| | Comments (0)
Brit Hume: "Would you consider someone that though Roe v Wade was improperly decided by the court, does that place someone outside the mainstream, in your view?"
Dianne Feinstein: "In my view it does ... Roe could have been overturned 38 times. Precedent has been estbalished. Women all over America have come to depend on it. An overwhelming majority of people support it. ... I think it would be for many of us a very difficult thing to see somebody you knew was going to overthrow Roe at this point in time."

Hume did not ask about someone who would overthrow Roe, he asked about someone who thought it was improperly decided. Heck, Ruth Bader Ginsburg, one of the greatest champions of legal abortion rights, has said that Roe was improperly decided, that the court should not have made the law, but let the political process play out.

Just because you think it was improperly decided -- as many legal scholars of all stripes and beliefs do -- does not mean you want to overturn it.

Further, just because you want to overturn it, does not mean you would. Lincoln wanted to abolish slavery, but wouldn't support doing so, because it would cause war. More recently, some gay rights advocates opposed trying to use the courts to force gay marriage on society, because of the inevitable backlash. Be patient. Let society change. It had already changed so much in the last 15 years in favor of acceptance of homosexuality ... don't push it.

But they couldn't resist. They could not wait for society to change. They tried to change society, and now, guess what? Gay marriage is now more illegal in the U.S. than it ever has been before.

And mark my words, if the U.S. Supreme Court overturns Roe v. Wade, abortion will become a part of most state Constitutions in this country, and the anti-abortion cause will be set back decades. Society is not ready for it, and you can't force things like that on society.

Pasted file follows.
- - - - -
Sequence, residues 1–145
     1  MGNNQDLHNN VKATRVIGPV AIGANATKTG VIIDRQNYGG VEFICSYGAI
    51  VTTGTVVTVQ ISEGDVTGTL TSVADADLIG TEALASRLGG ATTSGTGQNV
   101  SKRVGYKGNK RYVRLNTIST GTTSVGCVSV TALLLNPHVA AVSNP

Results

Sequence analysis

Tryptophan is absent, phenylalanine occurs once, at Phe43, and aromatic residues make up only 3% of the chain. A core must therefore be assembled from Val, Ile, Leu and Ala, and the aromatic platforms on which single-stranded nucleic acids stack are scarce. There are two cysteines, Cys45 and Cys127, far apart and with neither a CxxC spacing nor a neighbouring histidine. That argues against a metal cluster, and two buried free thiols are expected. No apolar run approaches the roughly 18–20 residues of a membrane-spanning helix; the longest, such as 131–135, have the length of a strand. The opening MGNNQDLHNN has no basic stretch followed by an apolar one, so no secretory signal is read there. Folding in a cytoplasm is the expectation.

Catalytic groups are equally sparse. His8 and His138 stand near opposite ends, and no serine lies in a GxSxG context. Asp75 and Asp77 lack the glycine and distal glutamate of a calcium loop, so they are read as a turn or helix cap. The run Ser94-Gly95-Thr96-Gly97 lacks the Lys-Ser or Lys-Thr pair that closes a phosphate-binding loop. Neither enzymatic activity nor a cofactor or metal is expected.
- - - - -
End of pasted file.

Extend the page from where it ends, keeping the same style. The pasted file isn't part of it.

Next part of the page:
I am as opposed to abortion as almost anyone. But I am not in favor of "overthrow[ing] Roe at this point in time." Even if Alito still believes Roe was wrong, and even if he believes abortion is evil and should be abolished, who is to say whether Alito would overturn Roe, even if he could (which he couldn't, since there are five solid votes for Roe right now)?

Which brings me to the word "mainstream." George Bush got more votes for President than anyone in our history. And he said he would nominate judges in the mold of Scalia and Thomas during that campaign. And Scalia and Thomas were two of the votes dissenting from the Casey decision that reaffirmed Roe. If a person such as this is not mainstream, then the word mainstream has no real meaning, beyond "what I personally believe, and believe that everyone else should believe."

Part of the problem is probably that her measurements don't measure what she thinks they measure. There's several different things here: disagreeing with Roe, thinking it should be overturned, and being willing to overturn it. When you take a poll about whether Roe should be overturned, most people will likely answer based on whether they think it should be overturned now, and the answer is surely, mostly, no. But if you ask people if they think we should work toward the "eventual abolition" of abortion -- to borrow from Lincoln -- a lot more people would say yes, including many people who call themselves pro-choice.

Is that mainstream?

Leave a comment

<pudge/*> (pronounced "PudgeGlob") is thousands of posts over many years by Pudge.

"It is the common fate of the indolent to see their rights become a prey to the active. The condition upon which God hath given liberty to man is eternal vigilance; which condition if he break, servitude is at once the consequence of his crime and the punishment of his guilt."

About this Entry

This page contains a single entry by pudge published on January 9, 2006 10:30 PM.

Call Me Lucas McCain was the previous entry in this site.

Chuck Connors is the next entry in this site.

Find recent content on the main index or look in the archives to find all content.